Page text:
I don't recall the values but at work there was some equipment that used them They were in part of an amplifier for a radiation detector similar to a very large geiger counter. It used a detector with a 4 foot long tube.
Yup. A couple of years back, I did a front end for a surface potential tool for semiconductor measurements that had switchable 1G and 50G feedback resistors.
There are lots of subtleties in a circuit like that--I had to bootstrap the coil of the latching relay, and switch it with another (nonlatching) relay. Also the 1G resistor had to be shorted out when the circuit was in the 50G mode, because otherwise its current noise would have gone straight through the capacitance of the open relay contacts (~0.2 pF) and trashed the measurement.
And, of course, you have to fix up the ridiculous RC rolloff in the second stage.
The good news about that is that the intrinsic SNR of the measurement isn't that good, so the RC can roll off a pretty long way before the second stage's noise becomes important. That's true of high-Z measurements in general.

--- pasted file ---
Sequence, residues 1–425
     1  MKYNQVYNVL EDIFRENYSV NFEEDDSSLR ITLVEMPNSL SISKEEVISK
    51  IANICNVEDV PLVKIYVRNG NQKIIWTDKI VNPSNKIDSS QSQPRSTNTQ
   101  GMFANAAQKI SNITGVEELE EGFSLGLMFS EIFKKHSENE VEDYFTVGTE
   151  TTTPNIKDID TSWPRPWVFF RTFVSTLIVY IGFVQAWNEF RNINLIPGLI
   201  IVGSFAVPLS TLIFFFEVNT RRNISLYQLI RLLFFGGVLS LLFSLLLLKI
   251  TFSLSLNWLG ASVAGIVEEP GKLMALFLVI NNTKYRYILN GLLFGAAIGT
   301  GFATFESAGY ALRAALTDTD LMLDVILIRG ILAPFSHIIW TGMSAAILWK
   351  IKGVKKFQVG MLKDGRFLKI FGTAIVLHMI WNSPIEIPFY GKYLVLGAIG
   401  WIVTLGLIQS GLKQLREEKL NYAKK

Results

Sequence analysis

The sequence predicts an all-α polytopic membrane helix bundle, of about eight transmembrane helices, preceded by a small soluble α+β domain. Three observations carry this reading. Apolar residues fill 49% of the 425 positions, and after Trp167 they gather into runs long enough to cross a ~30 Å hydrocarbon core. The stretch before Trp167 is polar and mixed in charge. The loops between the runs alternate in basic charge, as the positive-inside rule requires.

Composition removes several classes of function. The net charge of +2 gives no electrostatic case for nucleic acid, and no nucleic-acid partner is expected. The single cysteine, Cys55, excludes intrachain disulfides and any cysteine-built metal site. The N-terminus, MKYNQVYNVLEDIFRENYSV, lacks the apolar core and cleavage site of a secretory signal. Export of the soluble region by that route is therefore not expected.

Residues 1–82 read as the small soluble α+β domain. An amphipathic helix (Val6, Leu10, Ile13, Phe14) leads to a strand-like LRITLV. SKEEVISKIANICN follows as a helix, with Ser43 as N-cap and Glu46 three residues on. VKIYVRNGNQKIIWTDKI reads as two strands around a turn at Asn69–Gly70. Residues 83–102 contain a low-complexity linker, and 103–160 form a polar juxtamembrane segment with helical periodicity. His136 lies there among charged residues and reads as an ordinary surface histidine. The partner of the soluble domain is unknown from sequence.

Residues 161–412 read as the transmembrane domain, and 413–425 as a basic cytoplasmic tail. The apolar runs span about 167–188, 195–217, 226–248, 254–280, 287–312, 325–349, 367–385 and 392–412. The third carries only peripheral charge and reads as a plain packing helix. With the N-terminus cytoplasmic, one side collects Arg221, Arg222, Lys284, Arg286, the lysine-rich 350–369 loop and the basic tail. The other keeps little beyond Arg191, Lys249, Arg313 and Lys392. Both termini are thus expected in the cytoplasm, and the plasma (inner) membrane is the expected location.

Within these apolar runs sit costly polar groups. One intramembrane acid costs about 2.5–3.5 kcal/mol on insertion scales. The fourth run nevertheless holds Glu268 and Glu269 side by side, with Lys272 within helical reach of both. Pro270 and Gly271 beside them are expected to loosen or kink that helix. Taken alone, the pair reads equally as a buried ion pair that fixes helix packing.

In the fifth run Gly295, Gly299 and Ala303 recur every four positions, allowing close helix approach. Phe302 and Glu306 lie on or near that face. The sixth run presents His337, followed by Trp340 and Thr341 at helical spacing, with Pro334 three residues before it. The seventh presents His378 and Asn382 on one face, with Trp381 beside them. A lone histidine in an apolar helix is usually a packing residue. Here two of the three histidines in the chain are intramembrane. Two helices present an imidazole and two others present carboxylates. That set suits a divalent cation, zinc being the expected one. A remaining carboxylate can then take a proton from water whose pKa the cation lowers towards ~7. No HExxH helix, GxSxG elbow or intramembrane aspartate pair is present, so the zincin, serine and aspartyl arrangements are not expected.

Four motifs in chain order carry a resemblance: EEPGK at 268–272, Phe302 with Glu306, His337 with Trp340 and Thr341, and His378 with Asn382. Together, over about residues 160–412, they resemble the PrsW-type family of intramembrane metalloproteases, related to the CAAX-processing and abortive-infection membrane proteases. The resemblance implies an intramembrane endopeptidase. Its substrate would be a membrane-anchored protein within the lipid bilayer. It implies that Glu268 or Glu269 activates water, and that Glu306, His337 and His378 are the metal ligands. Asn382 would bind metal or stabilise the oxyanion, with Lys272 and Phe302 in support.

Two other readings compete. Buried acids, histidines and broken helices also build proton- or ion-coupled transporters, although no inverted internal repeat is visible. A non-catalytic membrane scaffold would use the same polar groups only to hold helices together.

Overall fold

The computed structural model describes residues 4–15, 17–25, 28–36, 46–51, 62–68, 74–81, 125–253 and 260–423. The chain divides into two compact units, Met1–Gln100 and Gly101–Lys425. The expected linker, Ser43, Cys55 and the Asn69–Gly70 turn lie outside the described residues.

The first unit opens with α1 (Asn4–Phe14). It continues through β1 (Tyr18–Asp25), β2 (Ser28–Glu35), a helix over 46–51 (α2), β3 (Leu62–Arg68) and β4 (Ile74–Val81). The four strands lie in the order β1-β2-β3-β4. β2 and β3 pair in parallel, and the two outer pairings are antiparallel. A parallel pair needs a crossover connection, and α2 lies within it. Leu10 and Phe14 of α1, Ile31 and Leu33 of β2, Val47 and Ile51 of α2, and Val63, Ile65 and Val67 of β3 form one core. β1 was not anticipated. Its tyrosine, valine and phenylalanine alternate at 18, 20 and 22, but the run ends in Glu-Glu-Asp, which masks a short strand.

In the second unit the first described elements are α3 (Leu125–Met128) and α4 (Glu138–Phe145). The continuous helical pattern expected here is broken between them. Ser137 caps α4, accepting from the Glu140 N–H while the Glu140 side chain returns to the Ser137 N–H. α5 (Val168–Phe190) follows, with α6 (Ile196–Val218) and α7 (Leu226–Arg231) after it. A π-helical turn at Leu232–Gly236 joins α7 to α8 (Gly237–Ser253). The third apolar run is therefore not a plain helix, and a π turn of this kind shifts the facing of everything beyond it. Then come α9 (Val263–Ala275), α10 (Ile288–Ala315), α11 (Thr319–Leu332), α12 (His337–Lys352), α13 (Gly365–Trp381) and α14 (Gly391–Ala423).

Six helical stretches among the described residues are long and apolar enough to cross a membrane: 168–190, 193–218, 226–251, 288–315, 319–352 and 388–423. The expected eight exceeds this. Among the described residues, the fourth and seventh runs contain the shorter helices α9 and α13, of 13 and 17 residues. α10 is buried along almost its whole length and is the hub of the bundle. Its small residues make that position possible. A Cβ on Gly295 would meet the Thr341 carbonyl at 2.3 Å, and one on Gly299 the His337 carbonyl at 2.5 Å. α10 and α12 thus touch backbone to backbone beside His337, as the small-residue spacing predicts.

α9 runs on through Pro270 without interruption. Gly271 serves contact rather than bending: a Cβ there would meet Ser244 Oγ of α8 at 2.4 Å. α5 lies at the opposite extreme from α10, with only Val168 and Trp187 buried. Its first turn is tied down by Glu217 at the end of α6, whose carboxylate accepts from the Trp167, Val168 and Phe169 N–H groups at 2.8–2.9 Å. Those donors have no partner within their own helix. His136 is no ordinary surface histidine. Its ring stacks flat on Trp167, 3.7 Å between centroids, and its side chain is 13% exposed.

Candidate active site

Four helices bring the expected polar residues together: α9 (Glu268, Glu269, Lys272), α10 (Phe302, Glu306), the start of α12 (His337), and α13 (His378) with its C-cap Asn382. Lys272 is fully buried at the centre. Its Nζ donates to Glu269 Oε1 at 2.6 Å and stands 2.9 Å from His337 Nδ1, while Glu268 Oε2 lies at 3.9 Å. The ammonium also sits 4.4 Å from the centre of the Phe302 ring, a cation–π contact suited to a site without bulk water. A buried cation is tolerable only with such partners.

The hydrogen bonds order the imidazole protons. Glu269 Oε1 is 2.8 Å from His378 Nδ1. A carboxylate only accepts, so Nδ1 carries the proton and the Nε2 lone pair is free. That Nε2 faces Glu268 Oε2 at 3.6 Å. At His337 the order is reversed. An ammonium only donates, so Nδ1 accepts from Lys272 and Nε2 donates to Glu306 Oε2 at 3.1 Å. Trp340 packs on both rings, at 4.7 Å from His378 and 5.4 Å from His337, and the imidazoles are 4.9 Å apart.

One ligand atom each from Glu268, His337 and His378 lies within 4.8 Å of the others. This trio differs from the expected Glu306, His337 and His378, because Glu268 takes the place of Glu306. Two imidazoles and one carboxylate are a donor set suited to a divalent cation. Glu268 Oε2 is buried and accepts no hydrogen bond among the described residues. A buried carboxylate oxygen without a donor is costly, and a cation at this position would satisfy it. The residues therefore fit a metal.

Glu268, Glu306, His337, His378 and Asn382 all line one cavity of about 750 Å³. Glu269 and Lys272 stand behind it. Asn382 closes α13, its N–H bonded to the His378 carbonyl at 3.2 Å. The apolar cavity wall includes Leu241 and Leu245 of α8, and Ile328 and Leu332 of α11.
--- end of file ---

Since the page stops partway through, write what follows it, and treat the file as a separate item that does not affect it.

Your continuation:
The customer (Qcept Technologies) ran out of dough last summer and had to shut its doors with a bang. A pity--they made good stuff.
Been a long time since I used anything in the 100 Meg range or above, but I recall that there were a lot of recommended precautions. One was to clean the glass body very carefully (with alcohol, I think) to remove fingerprints which would otherwise trap dust, which would then allow humidity to cause a low-resistance shunt. You also want the body to be elevated above the board surface for the same reason. I also seem to recall something about teflon mounts/feedthroughs at the lead ends, but I can't recall exactly what that was supposed to do.
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Sure is. So is garden-variety IPA solvent. In high-Z circuits, I usually used guard traces top and bottom (with the solder mask removed) and a slot under the photodiode and the feedback resistor (and cap, if any). Being able to get solvent under the components helps a lot with the 1/f noise and stability.
The popcorn noise you get from a board washed with drugstore IPA has to be seen to be believed.
Isopropanol (IPA) has low surface tension, so it forms a film. It's also hygroscopic, so it becomes (after some evaporation) a water film full of any crud you can imagine. And when it dries, all the empty board space looks clean, because the dissolved stuff is deposited at the capillary-attractive sites you DON'T see. Water, by comparison, has higher surface tension, forms droplets you can remove with airflow.
Wash with IPA, rinse with distilled water, blow dry (with clean air) then bake dry at low temperature for an hour, if you really want to clean.